[CSE]  Advanced Operating Systems 
 COMP9242 2008/S2 
CRICOS Provider
Number: 00098G

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Developing your AOS project on a Macintosh

Mac OS X is a wonderful operating system that many students have on their laptops. It is possible to configure the Mac to become a host for AOS slug development. This web page lists the steps necessary to configure a Mac. The number of steps will seem quite daunting but each one is reasonably simple and you should proceed step by step. It is easier to use recent Macintoshes with AirPort installed.

Configuring your Mac

  • Create a new network location.
    1. Select System preference->Network->Location->New Location...
    2. Create a new location for NSLU2 development
    3. Now in the 'show' popup select Built-In Ethernet->TCP/IP.
    4. Set Configure IPv4: to Manual with IP Address and Subnet Mask
    5. Now configure your internet connection on one of the other network devices, such as the AirPort.
  • Create a tftpboot directory for yourself, configure tftp to use it and finally enable tftp:
    # sudo mkdir /var/tftpboot/$USER
    # sudo chown $USER:$USER /var/tftpboot/$USER
    # cd /System/Library/LaunchDaemons
    # sudo <editor> tftp.plist # change /private/tftpboot to /var/tftpboot/<$USER>
    # sudo launchctl unload tftp.plist
    # sudo launchctl load tftp.plist
    # sudo service tftp start
  • Export an nfs filesystem.

    It is easier to export the tftpboot directory as your filesystem for later milestones. This section describes the steps necessary to do this.

    (These instructions do not apply to Mac OS X 10.5 Leopard. If you are using 10.5, have a look at this page. Note that it does not appear to be possible to export /var/tftpboot/$USER directly on Leopard, as the nfsd does not follow symlinks.)

    1. % sudo -s # Start a superuser shell
    2. # cd /var/tftpboot/$USER
    3. # nicl . -create /exports/\\/var\\/tftpboot\\/$USER clients
    4. # nicl . -create /exports/\\/var\\/tftpboot\\/$USER opts maproot=<user>
    5. # nicl . -read /exports/\\/var\\/tftpboot\\/$USER
      name: /var/tftpboot/<$USER>
      opts: maproot=<$USER>
    6. The easiest way to start the nfs server is to reboot the system

    At a later stage when you want to remove all nfs exports and reboot
    % sudo nicl . -delete /exports

  • The NFS code in SOS also requires the host to be running a server for the time protocol on UDP port 37. (NB: this is not NTP.)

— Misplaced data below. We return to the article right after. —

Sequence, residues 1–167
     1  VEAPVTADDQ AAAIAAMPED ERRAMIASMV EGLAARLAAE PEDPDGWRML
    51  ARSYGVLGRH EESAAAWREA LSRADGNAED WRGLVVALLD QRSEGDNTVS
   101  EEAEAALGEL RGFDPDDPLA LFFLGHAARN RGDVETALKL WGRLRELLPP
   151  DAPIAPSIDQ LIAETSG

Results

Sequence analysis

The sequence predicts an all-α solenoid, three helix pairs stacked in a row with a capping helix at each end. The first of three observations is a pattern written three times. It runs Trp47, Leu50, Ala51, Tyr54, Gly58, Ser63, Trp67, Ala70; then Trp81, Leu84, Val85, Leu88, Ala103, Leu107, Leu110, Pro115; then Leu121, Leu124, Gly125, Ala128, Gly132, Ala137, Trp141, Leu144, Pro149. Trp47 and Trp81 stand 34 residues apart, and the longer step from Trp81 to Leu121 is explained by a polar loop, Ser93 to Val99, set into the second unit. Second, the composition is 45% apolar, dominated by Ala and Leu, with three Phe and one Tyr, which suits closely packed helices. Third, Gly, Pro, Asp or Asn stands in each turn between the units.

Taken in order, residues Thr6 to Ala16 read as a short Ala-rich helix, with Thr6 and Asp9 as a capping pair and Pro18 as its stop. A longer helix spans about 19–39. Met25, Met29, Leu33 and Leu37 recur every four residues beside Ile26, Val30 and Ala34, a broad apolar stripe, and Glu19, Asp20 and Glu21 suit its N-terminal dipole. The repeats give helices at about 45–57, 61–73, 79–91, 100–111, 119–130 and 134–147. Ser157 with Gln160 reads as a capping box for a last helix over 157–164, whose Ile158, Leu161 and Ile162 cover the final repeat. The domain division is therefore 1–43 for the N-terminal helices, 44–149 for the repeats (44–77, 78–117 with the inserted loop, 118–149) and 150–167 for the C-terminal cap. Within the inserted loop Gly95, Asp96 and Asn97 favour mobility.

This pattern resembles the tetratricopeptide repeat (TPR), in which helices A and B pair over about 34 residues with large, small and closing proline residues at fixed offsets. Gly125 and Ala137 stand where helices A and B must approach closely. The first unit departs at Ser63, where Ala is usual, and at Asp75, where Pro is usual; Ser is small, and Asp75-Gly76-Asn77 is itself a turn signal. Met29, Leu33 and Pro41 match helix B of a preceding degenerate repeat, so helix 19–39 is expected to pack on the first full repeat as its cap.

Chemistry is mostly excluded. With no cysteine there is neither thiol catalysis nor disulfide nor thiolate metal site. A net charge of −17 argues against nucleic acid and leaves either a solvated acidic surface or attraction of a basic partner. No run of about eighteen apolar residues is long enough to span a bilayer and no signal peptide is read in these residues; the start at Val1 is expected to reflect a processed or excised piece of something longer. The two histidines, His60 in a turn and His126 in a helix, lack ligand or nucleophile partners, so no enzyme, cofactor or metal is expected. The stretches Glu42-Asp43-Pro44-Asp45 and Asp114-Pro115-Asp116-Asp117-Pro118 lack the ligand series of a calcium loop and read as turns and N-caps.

Installing and configuring software

  • Install the FTDI USB serial driver

    You will need the USB driver for the serial card in your slug. You can find it in Virtual COM Port Drivers, grab whichever driver you need for your Macintosh system. Once you have the driver you can plugin the Slug and find out what the USB serial port is called; it will be something starting with /dev/cu.usbserial-*, note this down as you will need to configure minicom below.

  • Install MacPorts

    Download and install the MacPorts package installer. Get MacPorts

  • Install Python 2.4

    sudo port install python24

  • Install minicom

    sudo port install minicom. When it is finished you will need to configure the minicom installation by running sudo minicom -s Delete the modem initialisation strings, Set the serial port up on previously noted address /dev/cu.usb..., 115200, 8N1, No Hardware flowcontrol

  • Build the cross development tools
    1. Grab a copy of OSXCrossToolBuild.
    2. Unpack it <somewhere>
    3. % cd <somewhere>
    4. % OSXCrossToolBuild armv5b-softfloat-linux c,c++ 3.4.5 2.3.5

      This will take a long time! At the beginning sudo will occasionally ask for your password to create /opt/local/crosstool and to call port install for some software.

    5. Add /opt/local/crosstool/gcc-3.4.5-glibc-2.3.5/armv5b-softfloat-linux/bin to your path in your favourite shell. (This is actually a bit seedy, as putting files in /opt/local without telling MacPorts about them can be problematic. Feel free to create a proper Portfile for building the toolchain.)
  • Build the nslu2 command and install it in your path somewhere, /usr/local/bin is a pretty good place.

Last modified: 28 Aug 2008.